Nike also saw a decrease in stock prices, as mentioned earlier. That took a huge turn this past Thursday. Nike closed their stock at an all-time high on Thursday at $83.47 per share.

As long as Nike can continue to make money, I’m sure they can live with President Trump being upset.



In chapter 5, Briggs talks about visual storytelling with photographs. Briggs highlights the digital camera basics very early in the chapter.

Pictures can be more powerful than words, if used properly. The audience can connect more with the actual scene or circumstance. Most of photography is just being the right spot at the right time. Timing is everything.

Often times, photographers will try to overdo themselves, trying to find the most artistic photo, instead of trying to take a picture that best captures the story.



Filak discusses writing on the web in Chapter 6. Blog writing can be very tricky. You have to focus on audience interests and continuously think of new ways to attract new readers. With blogging, you have to constantly keeping up to date on your subject area. Like Filak says, no one wants to read about things that happened six weeks ago, they want to read about what’s happening right now.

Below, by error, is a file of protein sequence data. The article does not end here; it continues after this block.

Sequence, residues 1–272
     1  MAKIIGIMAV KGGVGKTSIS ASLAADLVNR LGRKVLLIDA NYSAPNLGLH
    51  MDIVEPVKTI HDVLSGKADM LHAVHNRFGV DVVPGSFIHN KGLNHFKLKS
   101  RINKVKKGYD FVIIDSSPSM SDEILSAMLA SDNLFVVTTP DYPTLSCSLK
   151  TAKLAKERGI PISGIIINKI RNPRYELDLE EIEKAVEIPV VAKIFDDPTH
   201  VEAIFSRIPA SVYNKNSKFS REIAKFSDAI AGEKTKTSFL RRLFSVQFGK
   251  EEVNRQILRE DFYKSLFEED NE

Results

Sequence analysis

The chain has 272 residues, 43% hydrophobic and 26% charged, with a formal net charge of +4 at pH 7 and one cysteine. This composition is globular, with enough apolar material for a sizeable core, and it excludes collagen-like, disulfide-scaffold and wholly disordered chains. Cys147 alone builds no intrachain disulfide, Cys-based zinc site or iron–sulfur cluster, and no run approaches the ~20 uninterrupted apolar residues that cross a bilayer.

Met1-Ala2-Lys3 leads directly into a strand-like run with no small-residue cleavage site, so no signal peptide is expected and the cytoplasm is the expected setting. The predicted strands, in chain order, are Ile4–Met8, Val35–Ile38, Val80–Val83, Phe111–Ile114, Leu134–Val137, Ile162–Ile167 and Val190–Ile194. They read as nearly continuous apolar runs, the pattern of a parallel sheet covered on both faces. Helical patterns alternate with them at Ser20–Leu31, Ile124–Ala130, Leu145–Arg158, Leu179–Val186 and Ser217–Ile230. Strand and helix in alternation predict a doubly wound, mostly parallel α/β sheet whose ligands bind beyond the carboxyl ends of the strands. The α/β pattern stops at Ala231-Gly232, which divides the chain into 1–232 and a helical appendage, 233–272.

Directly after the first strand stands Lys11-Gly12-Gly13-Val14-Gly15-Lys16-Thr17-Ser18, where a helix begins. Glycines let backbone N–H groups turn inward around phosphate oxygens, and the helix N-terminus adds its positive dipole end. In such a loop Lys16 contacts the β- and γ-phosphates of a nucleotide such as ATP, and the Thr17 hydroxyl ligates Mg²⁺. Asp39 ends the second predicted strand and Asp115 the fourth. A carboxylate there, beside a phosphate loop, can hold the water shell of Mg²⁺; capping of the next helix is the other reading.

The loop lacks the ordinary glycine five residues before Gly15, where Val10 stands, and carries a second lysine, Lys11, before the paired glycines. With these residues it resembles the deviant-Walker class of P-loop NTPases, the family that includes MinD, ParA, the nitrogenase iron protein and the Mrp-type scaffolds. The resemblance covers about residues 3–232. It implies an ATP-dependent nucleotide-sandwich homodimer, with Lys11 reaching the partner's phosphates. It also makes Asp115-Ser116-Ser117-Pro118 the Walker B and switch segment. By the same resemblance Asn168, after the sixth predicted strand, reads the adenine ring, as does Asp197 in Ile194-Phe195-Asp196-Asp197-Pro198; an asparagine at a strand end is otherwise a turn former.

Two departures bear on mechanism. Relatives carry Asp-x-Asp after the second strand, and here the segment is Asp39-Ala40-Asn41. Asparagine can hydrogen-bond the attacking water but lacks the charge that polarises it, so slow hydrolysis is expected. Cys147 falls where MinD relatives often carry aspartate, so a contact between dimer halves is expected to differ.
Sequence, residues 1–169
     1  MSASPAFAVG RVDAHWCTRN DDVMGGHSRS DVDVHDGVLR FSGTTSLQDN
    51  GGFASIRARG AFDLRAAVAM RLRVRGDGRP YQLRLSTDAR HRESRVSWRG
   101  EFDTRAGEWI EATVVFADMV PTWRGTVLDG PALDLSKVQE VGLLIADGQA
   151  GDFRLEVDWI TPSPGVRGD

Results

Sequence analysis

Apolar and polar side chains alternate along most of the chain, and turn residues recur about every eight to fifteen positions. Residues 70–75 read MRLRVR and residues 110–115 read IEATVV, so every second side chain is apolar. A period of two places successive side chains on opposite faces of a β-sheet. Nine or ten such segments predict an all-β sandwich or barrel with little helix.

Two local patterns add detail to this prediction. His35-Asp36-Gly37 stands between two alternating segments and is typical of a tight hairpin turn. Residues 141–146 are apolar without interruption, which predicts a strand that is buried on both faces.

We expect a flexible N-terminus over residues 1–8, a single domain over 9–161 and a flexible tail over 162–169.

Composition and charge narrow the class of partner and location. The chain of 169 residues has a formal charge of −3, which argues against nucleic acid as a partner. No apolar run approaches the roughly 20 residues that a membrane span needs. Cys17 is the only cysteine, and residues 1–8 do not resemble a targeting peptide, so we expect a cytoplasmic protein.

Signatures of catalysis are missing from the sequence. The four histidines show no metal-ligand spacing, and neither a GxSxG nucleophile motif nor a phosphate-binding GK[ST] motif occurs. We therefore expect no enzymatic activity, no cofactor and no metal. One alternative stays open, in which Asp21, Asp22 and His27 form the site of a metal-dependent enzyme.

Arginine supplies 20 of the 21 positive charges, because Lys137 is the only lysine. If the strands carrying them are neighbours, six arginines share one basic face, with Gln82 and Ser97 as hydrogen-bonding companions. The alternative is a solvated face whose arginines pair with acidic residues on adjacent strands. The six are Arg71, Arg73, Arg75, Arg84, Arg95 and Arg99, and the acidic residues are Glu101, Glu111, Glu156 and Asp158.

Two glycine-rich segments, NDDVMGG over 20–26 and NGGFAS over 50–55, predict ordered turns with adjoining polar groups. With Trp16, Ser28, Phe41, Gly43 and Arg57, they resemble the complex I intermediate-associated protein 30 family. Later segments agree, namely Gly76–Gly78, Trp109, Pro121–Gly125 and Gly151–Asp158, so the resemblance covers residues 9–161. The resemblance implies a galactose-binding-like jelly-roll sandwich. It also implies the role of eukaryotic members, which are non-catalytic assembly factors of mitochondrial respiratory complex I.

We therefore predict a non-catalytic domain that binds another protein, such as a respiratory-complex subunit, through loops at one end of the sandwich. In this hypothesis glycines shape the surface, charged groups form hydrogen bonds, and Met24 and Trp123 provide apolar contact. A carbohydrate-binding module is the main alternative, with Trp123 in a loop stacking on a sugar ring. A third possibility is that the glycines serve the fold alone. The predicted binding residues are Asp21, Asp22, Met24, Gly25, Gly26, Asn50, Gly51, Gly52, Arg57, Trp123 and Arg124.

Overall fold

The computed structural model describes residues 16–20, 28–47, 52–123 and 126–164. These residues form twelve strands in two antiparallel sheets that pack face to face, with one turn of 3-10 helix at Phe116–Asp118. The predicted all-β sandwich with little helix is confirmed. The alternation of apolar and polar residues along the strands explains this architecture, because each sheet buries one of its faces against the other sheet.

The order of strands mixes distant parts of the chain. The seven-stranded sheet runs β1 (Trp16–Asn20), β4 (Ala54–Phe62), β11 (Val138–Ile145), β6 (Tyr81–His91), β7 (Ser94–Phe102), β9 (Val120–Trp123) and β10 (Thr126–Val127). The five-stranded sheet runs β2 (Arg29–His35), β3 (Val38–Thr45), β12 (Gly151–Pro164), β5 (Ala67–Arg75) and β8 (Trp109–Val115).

Briggs says that a good blog is a “continuing conversation.” Twitter has now become a form of microblogging. Live tweeting is a great form of blogging as something happens.

Briggs also touches on several key important parts of a blog, including the appearance and system. Briggs says you should post approximately once a day, and participate in the community. Twitter is a great website to use to keep up to date with the community and interact with your readers.